Ottar Sjaastad, a Norwegian neurologist in early 1980s observed a unilateral, non-throbbing headache pattern that aggravated with head and neck movements. He termed those headaches as 'cervicogenic' as he strongly believed that the cause of headache lied in the cervical spine. By administering ipsilateral local anesthetic blocks in 11 patients during the painful episodes, he observed a partial or complete relief in 9 patients.[1] The mechanism of pain generation in Cervicogenic headache is proposed to be the interaction between trigeminal and cervical afferents and the bidirectional pathway in the trigeminocervical nucleus. Convergence of proximal 3 cervical nerves and trigeminal nerve afferents is most commonly the cause of CEH.[13],[14],[15] Origin of pain may be due to a nociceptive source in the cervical spine musculoskeletal tissues.[12]

Shimohata K et al. found that in Japanese population, the middle and lower cervical spine nociceptive sources also contributed significantly to the site of origin of CEHs. Minor nociceptive inputs relay via the ipsilateral spinocervicothalamic tract.[16] They suggested the possibility of a complex communication between spinocervicothalamic and trigeminospinal tract.[17] In addition, they also proposed that due to increase in ROM of the upper cervical spine occurring to compensate for restricted ROM in the lower cervical spine may be the cause of overstimulation of the trigeminocervical nucleus resulting in CEH.[18] Greenbaum T. et al. found a clear clinical association between painful temporomandibular disorder (TMD) and cervicogenic headache.[19]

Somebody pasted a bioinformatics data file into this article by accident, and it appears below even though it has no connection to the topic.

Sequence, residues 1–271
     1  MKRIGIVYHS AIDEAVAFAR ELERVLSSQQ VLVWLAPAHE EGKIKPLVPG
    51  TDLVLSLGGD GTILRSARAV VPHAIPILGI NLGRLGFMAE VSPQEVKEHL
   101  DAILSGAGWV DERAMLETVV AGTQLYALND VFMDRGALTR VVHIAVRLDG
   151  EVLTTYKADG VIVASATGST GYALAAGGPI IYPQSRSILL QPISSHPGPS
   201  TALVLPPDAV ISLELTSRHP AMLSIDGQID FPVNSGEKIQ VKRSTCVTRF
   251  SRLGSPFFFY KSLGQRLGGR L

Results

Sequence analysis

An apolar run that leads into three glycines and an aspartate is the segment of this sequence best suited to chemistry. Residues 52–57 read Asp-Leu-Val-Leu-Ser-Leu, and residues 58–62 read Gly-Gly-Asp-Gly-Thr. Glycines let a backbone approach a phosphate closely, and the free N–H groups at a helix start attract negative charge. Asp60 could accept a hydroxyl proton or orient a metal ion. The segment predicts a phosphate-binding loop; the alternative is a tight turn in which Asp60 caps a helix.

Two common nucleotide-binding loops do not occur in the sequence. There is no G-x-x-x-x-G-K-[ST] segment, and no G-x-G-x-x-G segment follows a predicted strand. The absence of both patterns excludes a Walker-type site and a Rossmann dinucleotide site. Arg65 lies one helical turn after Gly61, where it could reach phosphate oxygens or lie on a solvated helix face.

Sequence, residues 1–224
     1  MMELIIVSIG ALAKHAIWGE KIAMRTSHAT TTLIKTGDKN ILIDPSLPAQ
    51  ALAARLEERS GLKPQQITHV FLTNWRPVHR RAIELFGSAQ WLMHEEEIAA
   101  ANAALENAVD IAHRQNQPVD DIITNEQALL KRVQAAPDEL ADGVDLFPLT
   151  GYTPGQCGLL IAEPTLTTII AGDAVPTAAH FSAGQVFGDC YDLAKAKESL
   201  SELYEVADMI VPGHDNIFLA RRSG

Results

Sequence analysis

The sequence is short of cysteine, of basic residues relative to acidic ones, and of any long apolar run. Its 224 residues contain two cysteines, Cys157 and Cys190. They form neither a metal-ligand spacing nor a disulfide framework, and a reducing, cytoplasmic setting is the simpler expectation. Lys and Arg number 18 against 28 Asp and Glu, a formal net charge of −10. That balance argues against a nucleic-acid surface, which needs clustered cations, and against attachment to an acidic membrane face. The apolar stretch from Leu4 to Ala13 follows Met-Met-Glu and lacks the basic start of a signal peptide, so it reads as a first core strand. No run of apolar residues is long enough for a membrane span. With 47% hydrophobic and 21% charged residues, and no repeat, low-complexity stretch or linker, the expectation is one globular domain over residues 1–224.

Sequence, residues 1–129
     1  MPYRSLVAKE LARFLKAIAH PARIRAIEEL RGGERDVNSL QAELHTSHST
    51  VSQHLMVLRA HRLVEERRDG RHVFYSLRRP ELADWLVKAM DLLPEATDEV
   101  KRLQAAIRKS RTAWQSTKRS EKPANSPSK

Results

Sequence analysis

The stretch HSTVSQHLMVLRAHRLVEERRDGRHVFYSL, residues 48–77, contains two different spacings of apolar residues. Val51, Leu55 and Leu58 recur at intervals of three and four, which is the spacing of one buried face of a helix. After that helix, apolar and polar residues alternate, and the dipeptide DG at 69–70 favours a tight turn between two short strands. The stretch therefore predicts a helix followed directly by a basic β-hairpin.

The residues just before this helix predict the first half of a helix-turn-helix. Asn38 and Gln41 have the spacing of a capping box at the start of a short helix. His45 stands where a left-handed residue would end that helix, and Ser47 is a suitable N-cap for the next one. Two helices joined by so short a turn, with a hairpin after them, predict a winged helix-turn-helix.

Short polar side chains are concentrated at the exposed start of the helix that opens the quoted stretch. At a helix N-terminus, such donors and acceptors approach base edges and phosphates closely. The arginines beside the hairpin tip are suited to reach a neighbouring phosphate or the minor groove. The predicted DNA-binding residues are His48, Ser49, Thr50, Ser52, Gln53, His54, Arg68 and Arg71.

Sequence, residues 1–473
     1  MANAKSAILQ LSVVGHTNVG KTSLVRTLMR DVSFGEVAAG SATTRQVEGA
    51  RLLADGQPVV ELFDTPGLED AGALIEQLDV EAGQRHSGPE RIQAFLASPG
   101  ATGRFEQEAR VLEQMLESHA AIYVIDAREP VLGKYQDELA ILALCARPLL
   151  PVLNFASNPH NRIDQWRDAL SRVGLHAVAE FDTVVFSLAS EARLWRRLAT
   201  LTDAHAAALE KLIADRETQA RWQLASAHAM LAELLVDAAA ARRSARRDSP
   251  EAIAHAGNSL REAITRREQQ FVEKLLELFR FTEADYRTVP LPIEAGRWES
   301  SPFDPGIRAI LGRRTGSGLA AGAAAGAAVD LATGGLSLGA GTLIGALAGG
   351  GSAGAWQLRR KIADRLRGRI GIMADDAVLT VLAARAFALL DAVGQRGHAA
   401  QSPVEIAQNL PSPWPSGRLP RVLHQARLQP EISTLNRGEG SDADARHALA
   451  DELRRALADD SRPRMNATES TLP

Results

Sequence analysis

There is a growing interest in the impact of body posture influences on outcome measures of cervicogenic headache (CEH). Moustafa IM et al. suggested that increased magnitudes of thoracolumbar posture displacements corresponds to an increased chance of suffering from CEH.[20]


Diagnosis of CEHs is usually complicated by the overlap of symptoms and pain location observed in migraine and tension headaches highlighting the limitations of using these criteria in the differential diagnosis of headache.[21] Third edition of the International Classification of Headache Disorders (IHS) and The Cervicogenic Headache International Study Group (CHISG) has laid down certain criteria for clinical diagnosis of CEHs. Despite being in place for past many years, diagnosis of CEHs is still a challenge for clinicians.